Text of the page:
…as ASUU, FG on the road to compromise
BY EMEKA EJERE
The eight-month old strike by the Academic Staff Union of Universities (ASUU), in the public universities, may be nearing an end as unfolding events are bringing the union and the federal government on the same boat.
At the end of a meeting between the federal government and ASUU on Friday in Abuja, Minister of Labour and Employment, Dr. Chris Ngige, announced that the federal government has agreed to release N30 billion as part payment of the Earned Academic Allowances (EAA) to ASUU.
“The Accountant General of the Federation (AGF) was committed to release N30 billion on or before November 6”, Ngige said.
“The remaining N10 billion would be spread equally over two tranches to be paid in May 2021 and February 2022 respectively. The OAGF should quickly conclude the verification of figures of EAA claims so as to clean up the figures from 2014 to 2020.”
On the Integrated Payroll and Personnel Information System (IPPIS), the meeting was informed that ASUU has met its timeline regarding the first stage of the initial demonstration of the efficacy of the University Transparency and Accountability Solution (UTAS) to government.
The meeting also agreed that if UTAS passes all the integrity tests, which involve the National Information Technology Development Agency (NITDA) and the Office of the National Security Adviser (NSA), it will be adopted for the payment of the University staff.
Meanwhile, the meeting could not agree on how payment would be done for ASUU members during the transitional period of UTAS tests. The government side again appealed to ASUU to enroll on IPPIS platform in view of the Presidential directive that all Federal Government employees should be paid via IPPIS.
It added that they (ASUU) can thereafter be migrated to UTAS whenever certified digitally efficient and effective with accompanying security coverage. But ASUU maintained that given its invention of UTAS, it should be exempted from IPPIS in the transition period.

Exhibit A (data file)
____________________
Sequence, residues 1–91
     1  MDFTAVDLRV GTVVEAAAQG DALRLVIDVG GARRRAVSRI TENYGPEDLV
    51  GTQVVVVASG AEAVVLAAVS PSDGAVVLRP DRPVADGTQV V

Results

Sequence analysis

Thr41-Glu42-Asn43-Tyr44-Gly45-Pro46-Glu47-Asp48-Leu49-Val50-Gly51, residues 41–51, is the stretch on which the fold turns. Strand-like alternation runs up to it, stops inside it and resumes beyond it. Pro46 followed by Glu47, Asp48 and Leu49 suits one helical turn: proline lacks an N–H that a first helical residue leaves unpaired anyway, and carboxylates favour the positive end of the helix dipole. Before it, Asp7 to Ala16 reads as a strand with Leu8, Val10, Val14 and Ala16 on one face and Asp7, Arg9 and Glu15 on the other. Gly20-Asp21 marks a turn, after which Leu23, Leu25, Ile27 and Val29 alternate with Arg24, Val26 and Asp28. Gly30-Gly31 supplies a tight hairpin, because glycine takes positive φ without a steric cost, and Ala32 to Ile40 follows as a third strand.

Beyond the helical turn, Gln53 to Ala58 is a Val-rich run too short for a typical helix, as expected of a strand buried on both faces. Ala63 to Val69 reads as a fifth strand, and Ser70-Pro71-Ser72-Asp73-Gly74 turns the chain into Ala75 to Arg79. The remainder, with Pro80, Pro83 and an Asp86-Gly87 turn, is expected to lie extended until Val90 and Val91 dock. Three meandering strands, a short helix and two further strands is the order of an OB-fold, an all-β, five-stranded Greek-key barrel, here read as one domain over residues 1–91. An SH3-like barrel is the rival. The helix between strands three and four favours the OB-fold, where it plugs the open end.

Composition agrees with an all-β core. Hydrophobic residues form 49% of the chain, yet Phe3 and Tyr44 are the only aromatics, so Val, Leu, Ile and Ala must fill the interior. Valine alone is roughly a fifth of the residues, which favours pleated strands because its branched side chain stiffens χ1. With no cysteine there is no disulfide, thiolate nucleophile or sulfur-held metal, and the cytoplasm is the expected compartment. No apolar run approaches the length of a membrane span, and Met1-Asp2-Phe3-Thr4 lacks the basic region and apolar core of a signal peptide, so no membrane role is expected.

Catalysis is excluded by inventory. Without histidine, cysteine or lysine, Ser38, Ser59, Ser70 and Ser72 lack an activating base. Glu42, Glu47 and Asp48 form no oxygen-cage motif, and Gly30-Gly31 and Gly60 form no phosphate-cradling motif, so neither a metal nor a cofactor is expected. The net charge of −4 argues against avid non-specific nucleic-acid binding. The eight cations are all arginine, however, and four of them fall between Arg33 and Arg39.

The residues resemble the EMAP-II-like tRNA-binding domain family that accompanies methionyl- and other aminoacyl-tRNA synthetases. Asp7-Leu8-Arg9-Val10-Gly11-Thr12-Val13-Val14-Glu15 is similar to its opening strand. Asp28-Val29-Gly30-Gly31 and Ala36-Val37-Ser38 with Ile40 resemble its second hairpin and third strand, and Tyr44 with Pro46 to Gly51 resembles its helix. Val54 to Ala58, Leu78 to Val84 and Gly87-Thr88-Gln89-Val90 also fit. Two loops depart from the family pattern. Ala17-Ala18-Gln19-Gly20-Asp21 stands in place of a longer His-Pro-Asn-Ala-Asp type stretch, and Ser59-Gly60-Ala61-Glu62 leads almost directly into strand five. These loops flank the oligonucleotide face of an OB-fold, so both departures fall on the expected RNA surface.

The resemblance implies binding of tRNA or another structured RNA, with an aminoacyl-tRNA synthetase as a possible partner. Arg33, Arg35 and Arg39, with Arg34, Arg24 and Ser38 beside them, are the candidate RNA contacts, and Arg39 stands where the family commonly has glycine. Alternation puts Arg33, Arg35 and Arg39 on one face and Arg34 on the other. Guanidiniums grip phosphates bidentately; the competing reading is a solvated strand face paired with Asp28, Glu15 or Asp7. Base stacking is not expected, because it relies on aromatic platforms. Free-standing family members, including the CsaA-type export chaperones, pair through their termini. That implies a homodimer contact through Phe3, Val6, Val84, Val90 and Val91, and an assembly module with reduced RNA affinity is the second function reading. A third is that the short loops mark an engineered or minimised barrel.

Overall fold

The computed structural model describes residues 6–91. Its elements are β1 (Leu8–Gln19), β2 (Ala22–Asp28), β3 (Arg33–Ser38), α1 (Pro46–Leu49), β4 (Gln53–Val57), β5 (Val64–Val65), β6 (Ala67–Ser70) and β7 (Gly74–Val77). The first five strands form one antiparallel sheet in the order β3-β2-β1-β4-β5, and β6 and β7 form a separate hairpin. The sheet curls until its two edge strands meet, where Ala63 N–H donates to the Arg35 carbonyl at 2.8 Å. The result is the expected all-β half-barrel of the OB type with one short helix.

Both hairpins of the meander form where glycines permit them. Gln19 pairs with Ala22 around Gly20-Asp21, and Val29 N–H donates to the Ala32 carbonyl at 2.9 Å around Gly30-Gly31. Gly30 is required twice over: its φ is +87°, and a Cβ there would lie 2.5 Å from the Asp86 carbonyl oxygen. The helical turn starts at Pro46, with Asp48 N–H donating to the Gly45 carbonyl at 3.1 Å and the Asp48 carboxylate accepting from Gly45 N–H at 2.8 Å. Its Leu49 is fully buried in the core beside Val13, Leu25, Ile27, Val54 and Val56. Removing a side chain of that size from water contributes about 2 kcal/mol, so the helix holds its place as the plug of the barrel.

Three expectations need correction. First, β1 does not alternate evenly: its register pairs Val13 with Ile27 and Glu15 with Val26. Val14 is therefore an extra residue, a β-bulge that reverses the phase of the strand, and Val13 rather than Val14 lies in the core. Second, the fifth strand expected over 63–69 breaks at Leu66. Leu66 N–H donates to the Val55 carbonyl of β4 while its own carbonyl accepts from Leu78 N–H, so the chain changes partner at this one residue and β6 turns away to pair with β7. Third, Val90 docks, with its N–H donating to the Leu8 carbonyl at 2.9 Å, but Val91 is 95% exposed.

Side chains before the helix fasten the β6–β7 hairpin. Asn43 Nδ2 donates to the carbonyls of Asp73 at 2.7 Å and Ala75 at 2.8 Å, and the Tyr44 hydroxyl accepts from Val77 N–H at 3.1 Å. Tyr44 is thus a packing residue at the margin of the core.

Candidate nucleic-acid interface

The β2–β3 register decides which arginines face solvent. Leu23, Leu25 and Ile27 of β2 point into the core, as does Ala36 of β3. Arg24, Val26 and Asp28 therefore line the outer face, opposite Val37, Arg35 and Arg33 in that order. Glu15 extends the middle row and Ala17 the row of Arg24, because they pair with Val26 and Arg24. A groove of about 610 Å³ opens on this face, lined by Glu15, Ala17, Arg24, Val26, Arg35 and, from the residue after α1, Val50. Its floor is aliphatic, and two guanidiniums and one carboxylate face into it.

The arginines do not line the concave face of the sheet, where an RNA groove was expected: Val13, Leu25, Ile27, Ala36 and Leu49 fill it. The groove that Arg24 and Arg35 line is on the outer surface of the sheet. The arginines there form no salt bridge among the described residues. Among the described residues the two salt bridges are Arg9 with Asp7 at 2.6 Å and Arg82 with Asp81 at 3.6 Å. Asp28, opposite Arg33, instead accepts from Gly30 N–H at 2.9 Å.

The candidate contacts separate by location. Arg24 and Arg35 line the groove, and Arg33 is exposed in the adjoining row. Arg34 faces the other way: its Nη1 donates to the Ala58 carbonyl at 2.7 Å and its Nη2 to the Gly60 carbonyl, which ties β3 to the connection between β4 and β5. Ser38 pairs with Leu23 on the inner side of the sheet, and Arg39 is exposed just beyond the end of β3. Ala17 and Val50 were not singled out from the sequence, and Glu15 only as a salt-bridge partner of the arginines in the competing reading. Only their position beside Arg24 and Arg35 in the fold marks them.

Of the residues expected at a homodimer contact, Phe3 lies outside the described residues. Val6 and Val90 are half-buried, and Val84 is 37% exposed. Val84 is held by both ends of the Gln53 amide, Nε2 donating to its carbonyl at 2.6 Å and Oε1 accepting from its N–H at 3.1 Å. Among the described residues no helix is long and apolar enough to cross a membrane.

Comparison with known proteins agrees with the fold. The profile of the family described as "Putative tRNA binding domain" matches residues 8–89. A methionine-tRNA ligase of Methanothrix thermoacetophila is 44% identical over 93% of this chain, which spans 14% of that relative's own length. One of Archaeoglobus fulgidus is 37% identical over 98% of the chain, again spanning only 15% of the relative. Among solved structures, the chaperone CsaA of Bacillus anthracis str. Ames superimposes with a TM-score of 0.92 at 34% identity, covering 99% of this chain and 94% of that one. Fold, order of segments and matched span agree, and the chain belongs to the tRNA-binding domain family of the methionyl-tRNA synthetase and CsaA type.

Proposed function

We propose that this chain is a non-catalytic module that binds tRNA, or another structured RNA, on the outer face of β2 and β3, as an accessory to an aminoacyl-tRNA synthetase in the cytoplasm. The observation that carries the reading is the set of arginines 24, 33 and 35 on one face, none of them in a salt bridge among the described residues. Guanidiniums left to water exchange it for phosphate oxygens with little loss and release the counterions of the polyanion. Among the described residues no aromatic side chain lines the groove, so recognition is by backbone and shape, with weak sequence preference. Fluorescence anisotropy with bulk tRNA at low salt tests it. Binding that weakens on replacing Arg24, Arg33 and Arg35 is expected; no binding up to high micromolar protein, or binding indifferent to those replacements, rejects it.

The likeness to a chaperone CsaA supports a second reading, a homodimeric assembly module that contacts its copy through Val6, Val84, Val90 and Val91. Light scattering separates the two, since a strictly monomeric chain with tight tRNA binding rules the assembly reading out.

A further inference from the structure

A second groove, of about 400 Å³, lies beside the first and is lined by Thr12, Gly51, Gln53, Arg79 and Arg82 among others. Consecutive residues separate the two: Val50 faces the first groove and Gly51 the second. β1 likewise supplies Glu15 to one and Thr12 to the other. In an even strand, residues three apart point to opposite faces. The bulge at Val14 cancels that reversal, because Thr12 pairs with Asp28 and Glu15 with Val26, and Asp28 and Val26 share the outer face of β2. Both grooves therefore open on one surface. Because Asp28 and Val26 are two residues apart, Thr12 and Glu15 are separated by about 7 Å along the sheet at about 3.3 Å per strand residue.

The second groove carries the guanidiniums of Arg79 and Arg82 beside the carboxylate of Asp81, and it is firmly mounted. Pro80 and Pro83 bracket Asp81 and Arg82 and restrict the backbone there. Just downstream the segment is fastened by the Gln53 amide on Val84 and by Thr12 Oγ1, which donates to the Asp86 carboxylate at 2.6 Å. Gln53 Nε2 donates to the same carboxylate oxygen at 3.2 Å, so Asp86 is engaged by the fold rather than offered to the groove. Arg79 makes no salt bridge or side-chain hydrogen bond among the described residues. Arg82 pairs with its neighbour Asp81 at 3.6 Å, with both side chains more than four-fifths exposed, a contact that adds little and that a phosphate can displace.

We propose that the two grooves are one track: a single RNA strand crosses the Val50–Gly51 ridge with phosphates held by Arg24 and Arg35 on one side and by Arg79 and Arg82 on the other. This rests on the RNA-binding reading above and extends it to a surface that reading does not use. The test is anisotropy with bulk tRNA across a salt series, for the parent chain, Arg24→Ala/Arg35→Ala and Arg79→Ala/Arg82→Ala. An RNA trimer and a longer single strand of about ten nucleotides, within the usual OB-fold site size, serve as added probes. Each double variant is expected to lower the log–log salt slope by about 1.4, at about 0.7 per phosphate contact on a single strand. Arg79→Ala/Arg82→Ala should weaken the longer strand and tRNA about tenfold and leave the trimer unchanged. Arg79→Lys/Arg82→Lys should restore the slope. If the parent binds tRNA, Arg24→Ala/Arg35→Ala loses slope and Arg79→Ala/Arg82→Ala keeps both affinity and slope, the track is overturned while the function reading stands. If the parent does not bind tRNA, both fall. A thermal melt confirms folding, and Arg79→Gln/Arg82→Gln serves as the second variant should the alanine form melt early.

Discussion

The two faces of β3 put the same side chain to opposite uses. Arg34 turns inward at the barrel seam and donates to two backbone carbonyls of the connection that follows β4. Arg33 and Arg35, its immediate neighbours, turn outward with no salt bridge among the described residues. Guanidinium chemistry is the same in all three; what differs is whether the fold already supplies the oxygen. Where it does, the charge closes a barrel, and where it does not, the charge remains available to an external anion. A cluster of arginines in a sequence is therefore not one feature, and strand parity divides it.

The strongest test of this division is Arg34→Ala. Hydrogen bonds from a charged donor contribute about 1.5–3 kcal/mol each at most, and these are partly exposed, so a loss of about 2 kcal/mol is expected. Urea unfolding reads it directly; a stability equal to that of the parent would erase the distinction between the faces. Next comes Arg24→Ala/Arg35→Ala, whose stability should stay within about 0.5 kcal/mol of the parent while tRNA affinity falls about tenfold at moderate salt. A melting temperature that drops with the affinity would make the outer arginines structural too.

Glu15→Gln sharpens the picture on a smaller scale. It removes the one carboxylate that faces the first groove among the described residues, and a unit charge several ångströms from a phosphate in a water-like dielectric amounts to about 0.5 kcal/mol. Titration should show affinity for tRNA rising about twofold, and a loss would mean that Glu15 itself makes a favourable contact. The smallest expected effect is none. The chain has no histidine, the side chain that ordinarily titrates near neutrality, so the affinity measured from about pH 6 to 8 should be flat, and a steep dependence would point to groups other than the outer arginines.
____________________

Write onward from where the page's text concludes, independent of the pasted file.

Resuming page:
Academic activities in the nation’s public universities have been halted since about two weeks before the outbreak of Coronavirus pandemic due to the strike, purportedly precipitated by several claims being made by ASUU). The federal government and ASUU had been in serious roundtable discussion, with the IPPIS being the crux of argument.
The IPPIS, according to the federal government, was established mainly to enhance transparency and accountability in the payment of civil servants, including lecturers in Nigeria. In furtherance, the policy will also weed out various corrupt practices in the educational sector and open the door for employment.
But ASUU had rejected the system, proposing the University Accountability and Transparency Solution (UTAS) as a better alternative emolument payment platform. The union claimed the introduction of IPPIS was mainly to topple the autonomy of Nigeria federal universities, which violates the Universities Miscellaneous Provisions (Amendment) Act 2003.
As a way of sanction, the salaries of lecturers who failed to enroll in the scheme were initially withheld for months. However, upon pressure, the federal government released funds for payment of their salaries. Up to date, both parties are still vying for survival. Between spaces of this battle, students have been at home.
Sources claimed that those who neglected ASUU’s voice and succumbed to FG’s threat among the lecturers regretted their action as they were underpaid after enrolling in the scheme. It was also claimed that the Non-Academic Staff of Universities (NASU) and Senior Staff Association of Nigerian Universities (SSANU) had threatened to go for a temporary strike and withdraw from IPPIS after months of enrollment because of irregularities in the system.